Unclick

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A menu box from an Internet screen showing which preferences are in effect. By using a mouse or graphical pointer, a user can move a cursor over selected terms, and un-check or unclick specific choices, if the software permits it.
A Checkbox is a graphical user interface element in which a computer user can make multiple selections from an array of options.
If a computer user unclicks a radio button, then no options are selected. In this example, the item "Cat" is selected.

Unclick is a term, increasingly applied in the context of computing, in which a computer user un-chooses or de-selects a specific preference,[1][2] typically by moving a cursor over a selection, and pressing the left mouse button. As a result, the check mark image or dark circle inside a Checkbox or a Radio button is removed.[3] While in January 2012 the term unclick is generally not formally defined in dictionaries,[4][5][6] the term has been used in popular parlance in countries such as the United States,[7] Britain,[8] Brazil[9] and Canada.[10]

Background[edit]

As the Internet becomes an increasingly popular medium for marketers, vendors and marketers often presume that a user will prefer certain choices,[7][11] such as receiving emails in the future, having specific computer settings, or preferring that specific programs will be operational when a computer is turned on. As a result, it is sometimes necessary for a user to unclick these choices[12] to avoid exposure to unwanted advertising,[13] or to avoid a situation in which a different website is chosen for one's home page.[8] In Internet marketing, unclicking is often required for a user to avoid being billed automatically for unnecessary services, sometimes part of a deceptive business practice termed negative option billing. A user's Facebook privacy settings have often been chosen in advance by Facebook Inc., which presumes that a user would like particular settings, and to un-choose these options, a user may need to unclick or opt-out of the Facebook-determined choices by finding the right menus.[14] According to behavioral economics, computer and Internet users have a general tendency to go along with a default setting.

Other contexts[edit]

The term unclick has also been used in other contexts, such as when there is a latching or locking mechanism, such as a lock on a briefcase,[9] or seat belts in a car[10][15] or airplane,[16] or door lock,[17] or other mechanisms which typically make a "clicking" sound. In these contexts, unclicking means to open the latch or seat belt. It has also been used in the context of guns, in which a safety catch is "unclicked",[18] or flooring materials in which pieces are interlocked,[19] The term has been used to describe the act of answering a cell phone by pressing on a button when it is ringing.[20]

References[edit]

  1. ^ James Coates (August 27, 2001). "Quickly make icons as pretty as a picture". Chicago Tribune. Retrieved 2012-01-07. 
  2. ^ TARA SIEGEL BERNARD (September 1, 2011). "MarketRiders Tweaks Its Investment Mix". The New York Times. Retrieved 2012-01-04. 
  3. ^ Chris Wilson and Chadwick Matlin (March 5, 2009). "Predicting Watchmen's Box Office Returns". Slate Magazine. Retrieved 2012-01-04.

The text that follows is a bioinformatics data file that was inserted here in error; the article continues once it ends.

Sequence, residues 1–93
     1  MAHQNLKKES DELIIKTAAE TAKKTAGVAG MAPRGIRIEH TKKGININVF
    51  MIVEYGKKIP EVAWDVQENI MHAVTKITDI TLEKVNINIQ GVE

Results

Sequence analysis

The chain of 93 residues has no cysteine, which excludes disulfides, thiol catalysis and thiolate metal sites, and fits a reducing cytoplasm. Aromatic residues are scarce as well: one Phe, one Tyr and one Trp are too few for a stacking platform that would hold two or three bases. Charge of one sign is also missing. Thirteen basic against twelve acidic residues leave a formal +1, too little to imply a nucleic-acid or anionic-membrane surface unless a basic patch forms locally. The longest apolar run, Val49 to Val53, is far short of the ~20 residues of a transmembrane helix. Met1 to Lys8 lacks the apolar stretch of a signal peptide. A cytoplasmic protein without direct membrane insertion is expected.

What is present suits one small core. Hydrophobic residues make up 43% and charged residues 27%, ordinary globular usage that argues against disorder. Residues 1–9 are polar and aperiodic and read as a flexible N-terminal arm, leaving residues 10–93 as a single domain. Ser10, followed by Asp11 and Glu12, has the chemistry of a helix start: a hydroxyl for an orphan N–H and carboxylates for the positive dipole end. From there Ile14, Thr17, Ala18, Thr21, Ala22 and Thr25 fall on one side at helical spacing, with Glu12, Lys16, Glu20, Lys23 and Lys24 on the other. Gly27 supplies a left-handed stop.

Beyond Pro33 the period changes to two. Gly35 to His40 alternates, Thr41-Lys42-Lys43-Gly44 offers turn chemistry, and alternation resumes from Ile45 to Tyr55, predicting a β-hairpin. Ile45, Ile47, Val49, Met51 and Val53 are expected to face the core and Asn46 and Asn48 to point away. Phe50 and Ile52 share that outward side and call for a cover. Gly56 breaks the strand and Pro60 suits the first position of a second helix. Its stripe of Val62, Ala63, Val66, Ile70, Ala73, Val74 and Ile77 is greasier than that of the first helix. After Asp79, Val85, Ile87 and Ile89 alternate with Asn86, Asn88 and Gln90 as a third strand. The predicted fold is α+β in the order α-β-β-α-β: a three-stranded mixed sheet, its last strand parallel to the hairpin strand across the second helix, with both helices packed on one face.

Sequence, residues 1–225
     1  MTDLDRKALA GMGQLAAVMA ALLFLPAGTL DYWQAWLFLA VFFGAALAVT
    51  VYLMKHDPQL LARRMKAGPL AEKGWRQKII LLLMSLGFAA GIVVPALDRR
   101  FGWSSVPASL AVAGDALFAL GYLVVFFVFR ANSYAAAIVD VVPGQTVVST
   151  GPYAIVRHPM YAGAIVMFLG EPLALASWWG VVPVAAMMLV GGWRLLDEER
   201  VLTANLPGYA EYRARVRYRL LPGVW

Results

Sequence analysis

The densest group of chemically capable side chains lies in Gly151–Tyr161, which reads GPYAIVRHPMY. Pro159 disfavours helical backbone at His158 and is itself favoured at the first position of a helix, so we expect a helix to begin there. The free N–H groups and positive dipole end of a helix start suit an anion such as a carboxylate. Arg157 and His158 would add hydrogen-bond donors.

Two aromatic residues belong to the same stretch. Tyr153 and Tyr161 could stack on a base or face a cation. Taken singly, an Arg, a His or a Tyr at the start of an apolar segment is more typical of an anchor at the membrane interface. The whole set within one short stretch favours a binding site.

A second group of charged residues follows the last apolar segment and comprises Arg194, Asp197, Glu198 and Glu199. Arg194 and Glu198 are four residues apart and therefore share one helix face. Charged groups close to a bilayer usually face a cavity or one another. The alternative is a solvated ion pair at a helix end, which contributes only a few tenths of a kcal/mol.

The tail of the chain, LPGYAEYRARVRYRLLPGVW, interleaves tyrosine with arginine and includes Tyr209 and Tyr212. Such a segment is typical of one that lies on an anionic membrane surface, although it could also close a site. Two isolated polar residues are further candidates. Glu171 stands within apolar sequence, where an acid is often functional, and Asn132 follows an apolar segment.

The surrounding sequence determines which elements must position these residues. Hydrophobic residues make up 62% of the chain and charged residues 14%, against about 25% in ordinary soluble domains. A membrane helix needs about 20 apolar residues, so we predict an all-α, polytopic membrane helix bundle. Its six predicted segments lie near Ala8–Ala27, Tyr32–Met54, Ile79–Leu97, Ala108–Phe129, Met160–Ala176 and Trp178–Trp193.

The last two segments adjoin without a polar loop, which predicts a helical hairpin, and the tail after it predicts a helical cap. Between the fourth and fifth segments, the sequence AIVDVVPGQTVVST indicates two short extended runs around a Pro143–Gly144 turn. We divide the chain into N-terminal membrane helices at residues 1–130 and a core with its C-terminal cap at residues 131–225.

4. ^ "unclick". Merriam-Webster Dictionary. 2012-01-07. Retrieved 2012-01-07. 
  5. ^ "unclick". The Free Dictionary. 2012-01-07. Retrieved 2012-01-07. 
  6. ^ "unclick". Urban Dictionary. 2012-01-07. Retrieved 2012-01-07. 
  7. ^ a b JASON FRY (MARCH 31, 2008). "Thoughts on Kids and the Net: Readers Offer Thoughts on When Children Should Be Introduced to the Digital World". Wall Street Journal. Retrieved 2012-01-07. 
  8. ^ a b Rob Freeman (25 September 2007). "Click Tips: Making XP look like Vista". BBC News. Retrieved 2012-01-07. 
  9. ^ a b John Miller (December 1998). "Life Is Adventure: Postcards from Rio de Janeiro". Brazzil. Retrieved 2012-01-07. 
  10. ^ a b The Gazette (Montreal) (April 19, 2006). "FJ Cruiser makes landfall". Canada.com. Retrieved 2012-01-07. 
  11. ^ Lee Dembart (August 26, 2002). "the end user / A voice for the consumer : You, on radio". The New York Times. Retrieved 2012-01-07. 
  12. ^ North American Precis Syndicate NJ.com (January 04, 2010). "Steering Clear Of Deceptive Online Marketing". nj.com. Retrieved 2012-01-04. 
  13. ^ Brian Bergstein, AP Technology Editor (October 1, 2008). "How can I make my computer run faster, for free?". USA Today. Retrieved 2012-01-04. 
  14. ^ Shannon Montgomery, of The Canadian Press (July 2, 2010). "Lawsuit says Facebook changes sold as making info secure had opposite effect". The Star. Retrieved 2012-01-04. 
  15. ^ Cynthia Lee (New Jersey car seat laws: Which seat is best for your child?). "New Jersey car seat laws: Which seat is best for your child?". The Star-Ledger. Retrieved 2012-01-07. 
  16. ^ Ron Alexander (December 18, 1991). "Metropolitan Diary". The New York Times. Retrieved 2012-01-07. 
  17. ^ Burnaby Now (April 28, 2009). "If the shoe fits: Christmas came early for the trio of Sandra McLellan, Sarah Dadey and Jason McLellan". canada.com. Retrieved 2012-01-07. 
  18. ^ Arundhati Roy (26 March 2010). "Gandhi, but with guns: Part Five". The Guardian. Retrieved 2012-01-07. 
  19. ^ Adele Evans (October 14, 2001). "It's underfoot, but important: Floor: An upgrade can make a home distinctive, but choosing the right material and pattern doesn't come easy.". Baltimore Sun. Retrieved 2012-01-07. 
  20. ^ Lynn Hirschberg (May 14, 2000). "The Samaha Formula for Hollywood Success". The New York Times. Retrieved 2012-01-07.